• NLRB Finds Facebook Rant Is Protected Concerted Activity
  • May 13, 2015
  • Law Firm: Shawe Rosenthal LLP - Baltimore Office
  • The National Labor Relations Board found that a worker’s profane comments about his supervisor and supervisor’s family on Facebook were protected under the National Labor Relations Act.

    Facts of the Case: In Pier Sixty, LLC, two days before a union election that was driven, in part, by the disrespectful treatment of employees by management, a worker became frustrated by his supervisor’s manner towards him and fellow workers. During a break, the worker posted the following comments on his Facebook page, which was visible to his Facebook “friends” including co-workers: “Bob is such a NASTY MOTHER F***ER don’t know how to talk to people!!!!!! F*** his mother and his entire f***ing family!!!! What a LOSER!!!! Vote YES for the UNION!!!!!!!” The employer fired the worker, stating that his Facebook posting had violated company policy.

    The Board’s Ruling: The Act protects employees’ rights to engage in union activity and in concerted activity, such as discussing the terms and conditions of employment. Such activity can lose the protection of the Act, however, if sufficiently egregious. In this case, however, the Board determined that, in looking at the totality of the circumstances, the worker’s comments were not so egregious so as to lose the protection of the Act. Among the factors the Board considered were: the impulsive nature of the worker’s conduct; the comments were made while the worker was alone, on break, and outside the facility, causing no disruption of the work environment or the relationship with customers; the worker encouraged others to vote for the union; the widespread and generally tolerated use of profanity in the workplace; and the referenced company policies did not prohibit the use of offensive or vulgar language.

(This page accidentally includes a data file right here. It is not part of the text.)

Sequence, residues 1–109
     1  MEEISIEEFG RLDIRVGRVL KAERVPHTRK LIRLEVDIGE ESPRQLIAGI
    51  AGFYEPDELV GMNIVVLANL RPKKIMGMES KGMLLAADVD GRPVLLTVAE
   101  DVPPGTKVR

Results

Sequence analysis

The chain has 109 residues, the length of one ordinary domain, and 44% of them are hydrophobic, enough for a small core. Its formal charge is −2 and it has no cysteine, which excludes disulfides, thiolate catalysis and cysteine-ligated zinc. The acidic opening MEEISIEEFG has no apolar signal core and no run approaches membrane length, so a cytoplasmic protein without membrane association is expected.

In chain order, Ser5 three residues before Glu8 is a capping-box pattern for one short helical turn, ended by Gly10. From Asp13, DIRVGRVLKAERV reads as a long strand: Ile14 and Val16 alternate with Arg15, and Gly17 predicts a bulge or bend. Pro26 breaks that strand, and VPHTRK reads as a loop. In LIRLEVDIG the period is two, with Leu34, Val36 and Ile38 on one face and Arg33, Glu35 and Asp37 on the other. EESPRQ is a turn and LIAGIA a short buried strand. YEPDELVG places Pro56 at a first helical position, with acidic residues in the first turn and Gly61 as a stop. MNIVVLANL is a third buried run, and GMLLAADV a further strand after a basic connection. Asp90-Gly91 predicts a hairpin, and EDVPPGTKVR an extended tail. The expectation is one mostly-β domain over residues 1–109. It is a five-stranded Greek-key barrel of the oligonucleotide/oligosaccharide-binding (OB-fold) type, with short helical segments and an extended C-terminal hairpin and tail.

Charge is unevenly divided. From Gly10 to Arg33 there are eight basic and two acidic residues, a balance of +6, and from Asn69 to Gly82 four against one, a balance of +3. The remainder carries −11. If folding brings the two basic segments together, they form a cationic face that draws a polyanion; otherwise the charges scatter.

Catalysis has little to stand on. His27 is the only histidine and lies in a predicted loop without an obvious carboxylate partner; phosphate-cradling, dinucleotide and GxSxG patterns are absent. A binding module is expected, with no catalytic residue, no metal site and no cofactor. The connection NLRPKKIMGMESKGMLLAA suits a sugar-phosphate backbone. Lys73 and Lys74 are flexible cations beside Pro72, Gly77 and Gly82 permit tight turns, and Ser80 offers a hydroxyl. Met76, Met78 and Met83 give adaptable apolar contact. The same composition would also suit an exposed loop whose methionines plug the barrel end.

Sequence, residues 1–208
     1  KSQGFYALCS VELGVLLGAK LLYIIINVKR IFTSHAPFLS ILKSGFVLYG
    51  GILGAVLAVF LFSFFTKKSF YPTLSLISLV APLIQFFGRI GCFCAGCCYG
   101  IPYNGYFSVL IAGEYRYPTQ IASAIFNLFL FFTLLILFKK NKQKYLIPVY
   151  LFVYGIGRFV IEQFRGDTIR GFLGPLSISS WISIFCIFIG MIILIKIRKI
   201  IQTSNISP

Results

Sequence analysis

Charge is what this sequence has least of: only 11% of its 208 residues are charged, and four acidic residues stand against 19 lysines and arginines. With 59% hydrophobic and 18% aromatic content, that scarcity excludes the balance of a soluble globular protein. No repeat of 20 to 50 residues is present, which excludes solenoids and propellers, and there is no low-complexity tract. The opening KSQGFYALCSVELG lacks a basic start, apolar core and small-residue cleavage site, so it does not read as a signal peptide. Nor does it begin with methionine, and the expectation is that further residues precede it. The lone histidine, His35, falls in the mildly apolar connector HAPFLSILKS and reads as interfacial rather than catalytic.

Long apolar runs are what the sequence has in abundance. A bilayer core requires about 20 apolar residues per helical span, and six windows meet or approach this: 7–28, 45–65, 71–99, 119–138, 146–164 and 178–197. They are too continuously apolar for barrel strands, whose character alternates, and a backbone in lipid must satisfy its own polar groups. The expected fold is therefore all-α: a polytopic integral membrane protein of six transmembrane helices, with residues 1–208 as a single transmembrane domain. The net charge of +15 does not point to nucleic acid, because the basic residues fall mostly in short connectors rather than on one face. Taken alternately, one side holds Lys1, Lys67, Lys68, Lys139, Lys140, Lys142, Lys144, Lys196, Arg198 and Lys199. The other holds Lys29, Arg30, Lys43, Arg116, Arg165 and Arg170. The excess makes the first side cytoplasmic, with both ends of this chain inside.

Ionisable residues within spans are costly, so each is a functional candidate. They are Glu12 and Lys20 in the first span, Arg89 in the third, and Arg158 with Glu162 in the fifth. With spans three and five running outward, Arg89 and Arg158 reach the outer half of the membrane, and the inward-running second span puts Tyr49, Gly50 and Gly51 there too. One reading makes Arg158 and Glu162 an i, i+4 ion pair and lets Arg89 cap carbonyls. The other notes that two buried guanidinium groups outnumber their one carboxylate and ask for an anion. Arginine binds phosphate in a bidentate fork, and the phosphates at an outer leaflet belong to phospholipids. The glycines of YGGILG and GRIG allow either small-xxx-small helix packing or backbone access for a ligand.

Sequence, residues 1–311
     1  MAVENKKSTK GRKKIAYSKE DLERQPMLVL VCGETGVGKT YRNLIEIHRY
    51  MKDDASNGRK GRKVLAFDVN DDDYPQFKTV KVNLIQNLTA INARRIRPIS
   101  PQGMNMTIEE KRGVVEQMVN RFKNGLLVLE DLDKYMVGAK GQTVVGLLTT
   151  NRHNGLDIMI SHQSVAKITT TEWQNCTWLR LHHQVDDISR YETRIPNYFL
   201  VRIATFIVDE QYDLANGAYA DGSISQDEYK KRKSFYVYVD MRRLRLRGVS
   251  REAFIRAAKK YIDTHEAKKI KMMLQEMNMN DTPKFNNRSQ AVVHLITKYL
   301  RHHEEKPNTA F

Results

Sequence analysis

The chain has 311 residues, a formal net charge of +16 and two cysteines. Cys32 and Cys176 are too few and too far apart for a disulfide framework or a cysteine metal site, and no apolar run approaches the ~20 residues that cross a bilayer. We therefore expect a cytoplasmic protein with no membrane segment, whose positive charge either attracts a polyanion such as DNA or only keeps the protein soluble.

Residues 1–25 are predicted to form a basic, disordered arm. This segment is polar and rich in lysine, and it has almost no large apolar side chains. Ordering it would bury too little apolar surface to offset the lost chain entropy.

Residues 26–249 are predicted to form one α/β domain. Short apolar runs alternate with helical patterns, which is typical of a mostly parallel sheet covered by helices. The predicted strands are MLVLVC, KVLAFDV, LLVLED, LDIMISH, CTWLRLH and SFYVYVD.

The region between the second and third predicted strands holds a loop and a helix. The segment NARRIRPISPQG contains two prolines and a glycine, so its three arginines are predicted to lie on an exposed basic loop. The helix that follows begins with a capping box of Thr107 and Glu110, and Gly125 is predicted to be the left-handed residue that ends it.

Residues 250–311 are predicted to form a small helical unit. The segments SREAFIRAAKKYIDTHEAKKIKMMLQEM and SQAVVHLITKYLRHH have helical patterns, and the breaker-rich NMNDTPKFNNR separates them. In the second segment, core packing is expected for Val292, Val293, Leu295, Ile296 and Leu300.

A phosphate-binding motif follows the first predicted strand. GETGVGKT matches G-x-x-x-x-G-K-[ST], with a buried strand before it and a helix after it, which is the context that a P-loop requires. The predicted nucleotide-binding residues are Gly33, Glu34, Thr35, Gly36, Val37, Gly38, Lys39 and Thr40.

Lessons Learned: Employers must be careful when considering discipline for workers’ social media activity. Conduct that appears outrageous may still be protected under the Act, if there is even a tangential connection with union activity or terms and conditions of employment.